The phenomenon transcends ideological bounds. We all fuse our identities in some ways. If you are a diehard Red Sox fan, you are almost certainly going to stay a fan, even as the roster completely turns over. The stakes escalate with political allegiances, and can lead people to vote against their own interests. When Americans are polled about individual elements of the Affordable Care Act, the health-care law put in place by President Barack Obama, for example, they approve of them. Medicare, which the law slightly expanded, is one of the most highly favorable programs among people of both parties. Yet Trump campaigned on repealing the ACA.
The freedom from scrutiny Trump now enjoys from many of his followers is reflected in an ignorance even of where he stands on the pandemic. In the survey of 4,000 Americans, 81 percent of Trump voters who believed that masks should be required also believed that Trump agrees. He has not supported a mask mandate, and has barely even endorsed their voluntary use.
Nothing is novel about the effectiveness of Trump’s approach. Scrutinizing and understanding its universal elements may help mitigate its damage as the pandemic continues. People’s needs for support and stability are real, and for many voters, Biden apparently failed to offer a meaningful way to meet those needs. While campaigning, he promised interventions like mask mandates and pledged to “follow the science,” while telling people we’ll need to hunker down for a brutal winter. All of this is true and sound. If Biden follows through on this, he will save many thousands of lives. But even A. J. Clark would have been unsurprised that so many people chose the charlatan. Biden promised rigor, perseverance, and a triumph of reason. When opting to follow a quack, though, as Clark wrote, “Reason is not involved in the process.” The draw is the personality of the healer, and “subsequent success is ensured by mass suggestion.”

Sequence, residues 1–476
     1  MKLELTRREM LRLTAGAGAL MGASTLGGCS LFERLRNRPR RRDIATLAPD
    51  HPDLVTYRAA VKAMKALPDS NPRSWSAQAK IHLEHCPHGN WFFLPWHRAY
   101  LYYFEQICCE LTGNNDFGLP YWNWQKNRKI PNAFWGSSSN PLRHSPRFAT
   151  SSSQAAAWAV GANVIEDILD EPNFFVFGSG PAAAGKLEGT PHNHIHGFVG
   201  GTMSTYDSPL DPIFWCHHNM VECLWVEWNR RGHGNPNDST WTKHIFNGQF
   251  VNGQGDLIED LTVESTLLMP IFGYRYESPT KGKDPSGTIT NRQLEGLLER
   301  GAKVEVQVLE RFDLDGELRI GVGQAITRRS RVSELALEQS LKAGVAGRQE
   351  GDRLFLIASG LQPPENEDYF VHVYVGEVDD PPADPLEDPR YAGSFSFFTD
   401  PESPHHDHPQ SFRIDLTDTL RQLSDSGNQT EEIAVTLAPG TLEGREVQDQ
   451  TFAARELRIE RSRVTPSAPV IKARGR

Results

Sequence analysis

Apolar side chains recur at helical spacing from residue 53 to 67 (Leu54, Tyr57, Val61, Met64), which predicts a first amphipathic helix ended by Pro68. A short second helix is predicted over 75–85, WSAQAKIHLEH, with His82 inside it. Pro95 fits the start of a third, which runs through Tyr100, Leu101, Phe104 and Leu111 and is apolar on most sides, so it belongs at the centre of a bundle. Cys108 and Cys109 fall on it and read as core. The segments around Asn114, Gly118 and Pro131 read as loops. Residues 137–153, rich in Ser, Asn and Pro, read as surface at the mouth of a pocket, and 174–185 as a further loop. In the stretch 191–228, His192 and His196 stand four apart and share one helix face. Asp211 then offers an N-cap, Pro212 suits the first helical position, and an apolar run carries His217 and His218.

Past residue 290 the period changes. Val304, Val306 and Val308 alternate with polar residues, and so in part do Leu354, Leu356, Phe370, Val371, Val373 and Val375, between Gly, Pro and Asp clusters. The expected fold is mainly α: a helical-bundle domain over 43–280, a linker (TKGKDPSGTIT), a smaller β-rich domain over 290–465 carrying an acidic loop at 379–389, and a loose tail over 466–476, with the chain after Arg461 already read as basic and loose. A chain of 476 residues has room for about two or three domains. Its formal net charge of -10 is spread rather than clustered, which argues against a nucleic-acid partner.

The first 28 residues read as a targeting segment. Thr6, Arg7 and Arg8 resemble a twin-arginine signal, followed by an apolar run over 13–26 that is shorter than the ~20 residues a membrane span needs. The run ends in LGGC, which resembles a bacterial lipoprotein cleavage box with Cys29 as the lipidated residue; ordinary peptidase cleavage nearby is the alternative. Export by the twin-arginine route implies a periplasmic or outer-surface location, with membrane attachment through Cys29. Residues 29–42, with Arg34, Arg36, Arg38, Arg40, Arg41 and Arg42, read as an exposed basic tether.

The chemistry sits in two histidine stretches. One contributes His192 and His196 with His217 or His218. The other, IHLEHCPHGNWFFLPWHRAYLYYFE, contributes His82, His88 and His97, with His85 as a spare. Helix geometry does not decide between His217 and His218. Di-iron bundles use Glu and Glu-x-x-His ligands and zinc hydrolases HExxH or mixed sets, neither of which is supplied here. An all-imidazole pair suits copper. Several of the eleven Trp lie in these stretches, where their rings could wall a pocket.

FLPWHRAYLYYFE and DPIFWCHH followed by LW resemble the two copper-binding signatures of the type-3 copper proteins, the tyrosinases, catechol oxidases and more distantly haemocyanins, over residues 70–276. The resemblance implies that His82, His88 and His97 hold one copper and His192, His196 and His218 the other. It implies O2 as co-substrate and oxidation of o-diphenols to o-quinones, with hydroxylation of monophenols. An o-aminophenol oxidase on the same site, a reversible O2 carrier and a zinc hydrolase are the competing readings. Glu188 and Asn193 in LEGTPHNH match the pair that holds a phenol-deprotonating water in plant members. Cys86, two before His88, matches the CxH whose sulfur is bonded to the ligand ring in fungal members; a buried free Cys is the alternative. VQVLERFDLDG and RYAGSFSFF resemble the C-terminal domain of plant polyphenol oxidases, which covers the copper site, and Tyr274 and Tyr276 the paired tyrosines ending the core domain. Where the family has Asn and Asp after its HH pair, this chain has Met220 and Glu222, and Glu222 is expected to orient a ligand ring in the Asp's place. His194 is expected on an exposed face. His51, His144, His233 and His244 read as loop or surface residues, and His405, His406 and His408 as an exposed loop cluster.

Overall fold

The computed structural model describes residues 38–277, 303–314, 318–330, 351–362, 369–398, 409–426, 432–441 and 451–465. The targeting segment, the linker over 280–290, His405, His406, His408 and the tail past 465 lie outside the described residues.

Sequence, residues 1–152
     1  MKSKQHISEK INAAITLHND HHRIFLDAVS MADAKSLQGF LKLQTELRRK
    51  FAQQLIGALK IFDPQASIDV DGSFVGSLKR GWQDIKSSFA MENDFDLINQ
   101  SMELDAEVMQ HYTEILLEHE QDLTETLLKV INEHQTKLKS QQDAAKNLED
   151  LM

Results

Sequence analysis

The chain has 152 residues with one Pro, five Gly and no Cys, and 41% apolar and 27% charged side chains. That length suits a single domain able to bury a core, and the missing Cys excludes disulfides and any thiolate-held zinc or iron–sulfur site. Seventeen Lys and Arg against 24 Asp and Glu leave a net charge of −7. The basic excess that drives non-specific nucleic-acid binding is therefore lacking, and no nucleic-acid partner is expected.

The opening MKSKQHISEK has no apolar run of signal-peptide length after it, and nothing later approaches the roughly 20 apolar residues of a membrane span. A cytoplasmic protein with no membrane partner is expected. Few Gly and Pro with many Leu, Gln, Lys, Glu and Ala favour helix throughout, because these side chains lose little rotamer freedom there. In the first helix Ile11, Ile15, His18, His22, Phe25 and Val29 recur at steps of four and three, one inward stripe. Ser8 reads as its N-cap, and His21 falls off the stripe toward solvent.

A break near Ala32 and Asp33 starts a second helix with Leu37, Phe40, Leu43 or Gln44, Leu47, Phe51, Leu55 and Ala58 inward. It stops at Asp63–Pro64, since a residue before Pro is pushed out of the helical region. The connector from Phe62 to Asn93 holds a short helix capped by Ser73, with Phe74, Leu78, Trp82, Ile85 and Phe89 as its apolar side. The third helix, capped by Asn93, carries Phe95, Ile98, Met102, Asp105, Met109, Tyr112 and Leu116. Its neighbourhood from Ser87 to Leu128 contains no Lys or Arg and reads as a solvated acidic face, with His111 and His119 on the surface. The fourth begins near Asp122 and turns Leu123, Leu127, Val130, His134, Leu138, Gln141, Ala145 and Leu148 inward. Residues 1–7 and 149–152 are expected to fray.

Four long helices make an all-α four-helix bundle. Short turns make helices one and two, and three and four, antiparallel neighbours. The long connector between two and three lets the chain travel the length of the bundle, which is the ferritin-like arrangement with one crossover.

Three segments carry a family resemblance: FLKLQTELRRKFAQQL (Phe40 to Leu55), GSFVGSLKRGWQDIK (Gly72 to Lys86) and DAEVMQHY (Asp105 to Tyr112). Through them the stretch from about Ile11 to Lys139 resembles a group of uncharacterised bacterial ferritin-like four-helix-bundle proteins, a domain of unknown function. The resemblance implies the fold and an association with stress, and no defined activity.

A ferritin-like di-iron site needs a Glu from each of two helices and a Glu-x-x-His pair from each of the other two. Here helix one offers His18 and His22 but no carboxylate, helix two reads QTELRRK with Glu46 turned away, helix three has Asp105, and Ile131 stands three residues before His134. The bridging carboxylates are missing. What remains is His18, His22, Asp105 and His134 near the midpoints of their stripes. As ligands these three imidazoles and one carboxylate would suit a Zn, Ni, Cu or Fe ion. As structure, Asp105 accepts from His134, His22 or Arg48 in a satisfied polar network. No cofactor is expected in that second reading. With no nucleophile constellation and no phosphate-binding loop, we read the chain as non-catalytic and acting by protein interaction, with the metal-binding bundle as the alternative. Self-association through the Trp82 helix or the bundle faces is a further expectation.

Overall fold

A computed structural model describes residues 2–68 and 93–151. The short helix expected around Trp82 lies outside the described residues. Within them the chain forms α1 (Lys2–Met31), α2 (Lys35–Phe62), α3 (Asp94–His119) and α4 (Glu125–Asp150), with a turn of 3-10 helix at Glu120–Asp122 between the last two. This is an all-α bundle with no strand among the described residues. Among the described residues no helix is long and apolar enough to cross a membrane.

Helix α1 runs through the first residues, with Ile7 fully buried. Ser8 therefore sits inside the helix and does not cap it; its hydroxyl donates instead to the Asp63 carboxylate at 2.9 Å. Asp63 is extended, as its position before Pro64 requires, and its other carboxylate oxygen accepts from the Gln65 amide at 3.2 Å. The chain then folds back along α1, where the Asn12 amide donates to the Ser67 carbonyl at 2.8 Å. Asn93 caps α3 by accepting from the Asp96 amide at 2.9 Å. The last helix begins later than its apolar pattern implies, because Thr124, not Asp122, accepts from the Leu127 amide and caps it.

If the nation’s public-health and scientific communities assume that the appeal of a quack was some transient aberration—something that will end when Trump is out of office, and that can be remedied with yet more facts—then the Biden administration will fail to reach millions of Americans, no matter how soundly it recites statistics. Its warnings and mandates will go unheeded and become fodder for charismatic outsiders who tell people what they want to hear.
There are ways to serve as a confident, optimistic leader without making up nonsensical promises. Hope can be conferred with promises to take care of people, and to be there for them. Reassurance can be offered by guaranteeing that no one will go into debt because they had to go to the hospital, and that people will have paid sick leave and job security so they can stay at home when necessary. If the public-health community does not do more to give people hope and reassurance in the face of this disaster, it will see people defect to those who will—even when they know the promises are too good to be true.